SAP Security for Beginners: How to Safely Upload Files into Your SAP System
Mar 16, '22 by Joerg Schneider-Simon
File uploads are a necessary part of doing business, particularly these days when so many employees are working remotely.
And SAP is no different. SAP applications used to manage suppliers, procurement, recruiting, finances, and dozens of other areas of business require users to upload files like bids, purchase orders, resumes, spreadsheets and more.
But that’s where the problem comes in, because file uploads are a popular threat vector for malicious actors.
Why Hackers Are So Attached to File Attachments
Cyberattacks that use files or user input to deliver their payloads are known as content-based attacks. There are two types of content: structured, and unstructured.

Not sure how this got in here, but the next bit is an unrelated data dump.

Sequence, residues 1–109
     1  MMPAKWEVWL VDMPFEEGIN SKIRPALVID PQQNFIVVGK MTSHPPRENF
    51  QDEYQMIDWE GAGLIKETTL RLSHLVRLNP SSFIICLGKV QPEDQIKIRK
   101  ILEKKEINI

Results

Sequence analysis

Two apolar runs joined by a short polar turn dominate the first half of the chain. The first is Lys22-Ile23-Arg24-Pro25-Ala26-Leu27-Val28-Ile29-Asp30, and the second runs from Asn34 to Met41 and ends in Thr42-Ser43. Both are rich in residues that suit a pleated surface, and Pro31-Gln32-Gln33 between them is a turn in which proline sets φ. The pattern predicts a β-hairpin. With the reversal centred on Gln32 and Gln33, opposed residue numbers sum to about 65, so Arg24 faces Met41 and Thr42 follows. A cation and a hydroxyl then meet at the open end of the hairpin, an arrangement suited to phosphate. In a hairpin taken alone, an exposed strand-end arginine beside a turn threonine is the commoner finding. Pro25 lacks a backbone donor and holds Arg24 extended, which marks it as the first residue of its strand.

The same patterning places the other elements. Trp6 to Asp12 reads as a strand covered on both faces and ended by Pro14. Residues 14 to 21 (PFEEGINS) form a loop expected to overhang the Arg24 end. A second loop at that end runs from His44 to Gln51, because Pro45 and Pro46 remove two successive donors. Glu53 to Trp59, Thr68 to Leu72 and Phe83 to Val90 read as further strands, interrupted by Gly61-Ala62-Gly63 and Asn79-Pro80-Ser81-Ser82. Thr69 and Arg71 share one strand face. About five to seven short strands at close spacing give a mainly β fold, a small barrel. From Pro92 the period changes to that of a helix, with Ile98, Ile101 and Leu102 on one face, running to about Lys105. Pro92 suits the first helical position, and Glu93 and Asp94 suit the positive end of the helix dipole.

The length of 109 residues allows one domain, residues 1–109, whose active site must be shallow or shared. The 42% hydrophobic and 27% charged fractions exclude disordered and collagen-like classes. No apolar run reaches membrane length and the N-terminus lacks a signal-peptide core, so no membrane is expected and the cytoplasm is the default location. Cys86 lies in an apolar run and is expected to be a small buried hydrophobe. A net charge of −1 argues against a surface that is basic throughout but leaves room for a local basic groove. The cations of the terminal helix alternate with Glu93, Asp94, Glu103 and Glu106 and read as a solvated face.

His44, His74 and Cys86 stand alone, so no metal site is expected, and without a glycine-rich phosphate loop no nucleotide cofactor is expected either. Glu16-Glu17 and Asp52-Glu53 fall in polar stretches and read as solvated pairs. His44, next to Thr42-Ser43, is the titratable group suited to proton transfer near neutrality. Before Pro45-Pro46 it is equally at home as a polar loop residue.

Structured content is anything a user enters into a form, whether it’s a Dynpro form, a WebDynpro, a BSP or a Fiori web-based application. The content is structured because the application understands what each input field is called, and the type of data it contains (the First_Name field, for example, contains the user’s first name). SAP applications extract and process such structured content.
Unstructured content is anything found in files that users upload to an SAP application. SAP applications do not extract this data from the files, and they do not process the content either. They simply treat the files as objects and store them somewhere.
Hackers love file-based attacks because SAP applications are often just the front door to a host of other applications behind these applications (the enterprise portal or the NetWeaver gateway, for example). Hackers know that a successful attack on an SAP application often gives access to data stored on backend systems (on-premise or further down into a corporate network).
File-based attacks typically take one of five forms.
1. Viruses and malware